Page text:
• Parents Push Kids to Learn PC Programming

Parents Push Kids to Learn PC Programming
 
Encouraged by their parents, more primary school children are taking up computer programming to learn how to make websites.
Parents apparently feel that if their children acquire programming skills it will help them in future, given the current environment in which kids are familiarizing themselves with information technology from a young age thanks to the spread of smartphones and tablet computers.
This trend has attracted the attention of companies as a new business opportunity, as illustrated by the number of major after-school private study schools that have opened courses targeting children who hope to acquire computer programming skills.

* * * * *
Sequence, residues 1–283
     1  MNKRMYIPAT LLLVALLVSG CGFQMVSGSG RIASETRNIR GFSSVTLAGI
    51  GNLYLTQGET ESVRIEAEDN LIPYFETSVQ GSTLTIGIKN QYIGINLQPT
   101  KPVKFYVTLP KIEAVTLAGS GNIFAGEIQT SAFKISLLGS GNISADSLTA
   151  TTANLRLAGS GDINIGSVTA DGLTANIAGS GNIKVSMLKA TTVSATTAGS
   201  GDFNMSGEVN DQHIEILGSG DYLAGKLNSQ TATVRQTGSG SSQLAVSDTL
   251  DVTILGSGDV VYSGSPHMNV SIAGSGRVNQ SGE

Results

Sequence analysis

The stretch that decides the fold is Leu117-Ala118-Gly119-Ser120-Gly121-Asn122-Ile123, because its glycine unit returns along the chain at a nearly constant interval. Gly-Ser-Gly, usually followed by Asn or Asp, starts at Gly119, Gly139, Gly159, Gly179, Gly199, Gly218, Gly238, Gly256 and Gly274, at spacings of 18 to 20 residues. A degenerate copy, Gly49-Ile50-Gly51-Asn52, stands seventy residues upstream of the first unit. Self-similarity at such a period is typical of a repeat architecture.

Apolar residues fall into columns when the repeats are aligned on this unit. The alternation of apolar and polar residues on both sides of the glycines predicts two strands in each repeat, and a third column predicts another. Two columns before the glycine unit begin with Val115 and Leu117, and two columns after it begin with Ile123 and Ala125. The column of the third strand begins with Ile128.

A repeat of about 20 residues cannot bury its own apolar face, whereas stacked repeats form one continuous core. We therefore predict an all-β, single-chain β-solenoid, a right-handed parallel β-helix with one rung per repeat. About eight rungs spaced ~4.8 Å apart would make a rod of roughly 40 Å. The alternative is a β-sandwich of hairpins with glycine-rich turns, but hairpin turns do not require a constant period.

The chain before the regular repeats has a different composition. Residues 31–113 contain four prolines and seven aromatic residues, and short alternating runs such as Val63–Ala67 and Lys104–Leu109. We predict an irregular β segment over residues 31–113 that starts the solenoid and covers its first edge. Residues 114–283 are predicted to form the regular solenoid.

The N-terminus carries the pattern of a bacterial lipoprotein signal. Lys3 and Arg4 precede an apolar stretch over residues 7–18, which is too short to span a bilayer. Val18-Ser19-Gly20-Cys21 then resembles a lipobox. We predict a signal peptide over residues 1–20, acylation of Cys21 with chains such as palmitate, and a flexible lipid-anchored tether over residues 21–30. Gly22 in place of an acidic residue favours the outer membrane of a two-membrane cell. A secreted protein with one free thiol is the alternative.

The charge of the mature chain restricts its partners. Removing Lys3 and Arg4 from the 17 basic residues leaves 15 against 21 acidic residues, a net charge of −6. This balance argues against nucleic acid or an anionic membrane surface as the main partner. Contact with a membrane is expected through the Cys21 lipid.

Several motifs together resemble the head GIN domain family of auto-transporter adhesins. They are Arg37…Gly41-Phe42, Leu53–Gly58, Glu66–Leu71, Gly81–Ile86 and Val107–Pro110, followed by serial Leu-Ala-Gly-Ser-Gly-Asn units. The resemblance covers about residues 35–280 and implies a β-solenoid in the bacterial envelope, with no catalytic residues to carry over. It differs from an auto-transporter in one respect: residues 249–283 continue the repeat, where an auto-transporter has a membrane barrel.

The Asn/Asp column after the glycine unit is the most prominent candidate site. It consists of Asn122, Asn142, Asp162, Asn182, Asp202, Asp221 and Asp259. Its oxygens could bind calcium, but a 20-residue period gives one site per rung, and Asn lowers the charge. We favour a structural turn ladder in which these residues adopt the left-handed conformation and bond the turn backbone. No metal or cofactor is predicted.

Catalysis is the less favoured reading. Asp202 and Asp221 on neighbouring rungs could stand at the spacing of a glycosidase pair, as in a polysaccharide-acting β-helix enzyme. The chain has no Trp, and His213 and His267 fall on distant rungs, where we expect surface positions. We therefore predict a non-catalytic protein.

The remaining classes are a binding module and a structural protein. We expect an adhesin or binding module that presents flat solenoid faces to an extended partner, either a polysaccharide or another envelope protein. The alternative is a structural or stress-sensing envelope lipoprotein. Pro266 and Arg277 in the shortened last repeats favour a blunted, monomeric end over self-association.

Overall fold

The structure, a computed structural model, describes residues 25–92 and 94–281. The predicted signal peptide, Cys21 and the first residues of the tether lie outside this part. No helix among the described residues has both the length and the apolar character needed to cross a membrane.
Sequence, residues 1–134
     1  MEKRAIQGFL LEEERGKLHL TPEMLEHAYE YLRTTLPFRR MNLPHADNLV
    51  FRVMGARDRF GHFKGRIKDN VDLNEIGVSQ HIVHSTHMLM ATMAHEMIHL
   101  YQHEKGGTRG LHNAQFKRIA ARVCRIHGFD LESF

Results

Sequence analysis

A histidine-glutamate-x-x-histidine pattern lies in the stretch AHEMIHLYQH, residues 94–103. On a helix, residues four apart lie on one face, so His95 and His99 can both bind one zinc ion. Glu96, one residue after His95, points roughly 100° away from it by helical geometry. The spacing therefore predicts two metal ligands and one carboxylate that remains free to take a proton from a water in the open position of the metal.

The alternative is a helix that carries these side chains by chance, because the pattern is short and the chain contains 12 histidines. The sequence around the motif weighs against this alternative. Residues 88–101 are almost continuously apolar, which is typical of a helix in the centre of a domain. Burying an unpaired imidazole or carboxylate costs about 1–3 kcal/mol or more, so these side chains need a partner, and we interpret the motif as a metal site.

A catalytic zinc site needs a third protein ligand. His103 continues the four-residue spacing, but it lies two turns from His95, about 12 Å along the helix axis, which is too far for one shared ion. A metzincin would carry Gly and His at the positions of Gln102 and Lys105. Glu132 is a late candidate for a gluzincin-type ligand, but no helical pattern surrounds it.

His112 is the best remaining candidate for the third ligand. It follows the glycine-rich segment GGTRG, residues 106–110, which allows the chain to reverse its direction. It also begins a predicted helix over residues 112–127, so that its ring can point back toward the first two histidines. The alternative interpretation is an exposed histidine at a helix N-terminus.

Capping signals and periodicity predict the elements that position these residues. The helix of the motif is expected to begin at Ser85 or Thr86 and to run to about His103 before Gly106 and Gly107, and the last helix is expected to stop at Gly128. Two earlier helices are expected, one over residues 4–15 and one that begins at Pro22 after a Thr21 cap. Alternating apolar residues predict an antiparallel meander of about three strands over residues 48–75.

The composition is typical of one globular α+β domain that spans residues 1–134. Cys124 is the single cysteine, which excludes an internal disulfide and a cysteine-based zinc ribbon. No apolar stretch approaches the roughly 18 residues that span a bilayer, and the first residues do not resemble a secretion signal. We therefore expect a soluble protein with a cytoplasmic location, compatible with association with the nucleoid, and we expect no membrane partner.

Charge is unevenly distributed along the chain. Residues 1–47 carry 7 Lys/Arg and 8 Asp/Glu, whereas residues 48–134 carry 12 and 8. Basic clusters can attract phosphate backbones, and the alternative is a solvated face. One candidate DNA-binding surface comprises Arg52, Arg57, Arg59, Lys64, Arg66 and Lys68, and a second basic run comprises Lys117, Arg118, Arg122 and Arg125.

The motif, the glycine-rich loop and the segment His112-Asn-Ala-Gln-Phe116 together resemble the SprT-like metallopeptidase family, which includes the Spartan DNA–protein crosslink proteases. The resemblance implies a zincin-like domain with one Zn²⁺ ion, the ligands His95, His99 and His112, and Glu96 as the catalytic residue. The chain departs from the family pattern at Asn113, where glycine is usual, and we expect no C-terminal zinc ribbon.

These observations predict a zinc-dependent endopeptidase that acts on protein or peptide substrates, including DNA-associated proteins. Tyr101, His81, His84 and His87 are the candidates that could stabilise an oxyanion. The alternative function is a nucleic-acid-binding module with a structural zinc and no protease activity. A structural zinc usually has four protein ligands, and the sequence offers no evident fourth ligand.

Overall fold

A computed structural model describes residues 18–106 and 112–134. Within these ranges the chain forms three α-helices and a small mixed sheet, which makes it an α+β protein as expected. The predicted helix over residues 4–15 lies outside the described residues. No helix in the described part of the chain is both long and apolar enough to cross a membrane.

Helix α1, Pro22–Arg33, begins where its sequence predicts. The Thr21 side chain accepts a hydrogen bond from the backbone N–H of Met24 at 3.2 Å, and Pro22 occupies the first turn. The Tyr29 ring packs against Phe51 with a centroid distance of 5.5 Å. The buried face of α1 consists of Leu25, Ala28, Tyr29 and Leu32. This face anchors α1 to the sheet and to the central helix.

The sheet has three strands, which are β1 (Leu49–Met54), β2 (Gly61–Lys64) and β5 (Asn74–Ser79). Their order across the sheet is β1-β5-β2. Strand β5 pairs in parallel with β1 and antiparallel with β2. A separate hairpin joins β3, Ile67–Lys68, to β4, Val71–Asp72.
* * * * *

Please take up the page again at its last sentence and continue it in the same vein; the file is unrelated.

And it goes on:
In mid-May, primary school students expressed their enthusiasm in a programming class run by Litalico Inc., a company based in Meguro Ward, Tokyo, which operates a cram school chain.
One child said, "Great! It really moved," while another said, "By changing this number, the character gets stronger."
The class began in April with about 300 children attending.
"Even though I quit an English-language class, programming is fun so I've kept at it," a sixth-grade boy said.
Parents have great expectations for the class.
A 45-year-old company employee from Ota Ward, Tokyo, whose son, a first-year primary school student, attends the class, said: "In the future, programming skills will be like today's English-language skills. It's important for [my son] to become accustomed to programming while he's small."
In a survey last August of about 620 mothers whose children were of primary school age or younger, Recruit Lifestyle Co. found that computer programming ranked seventh among subjects they hoped their children would learn.

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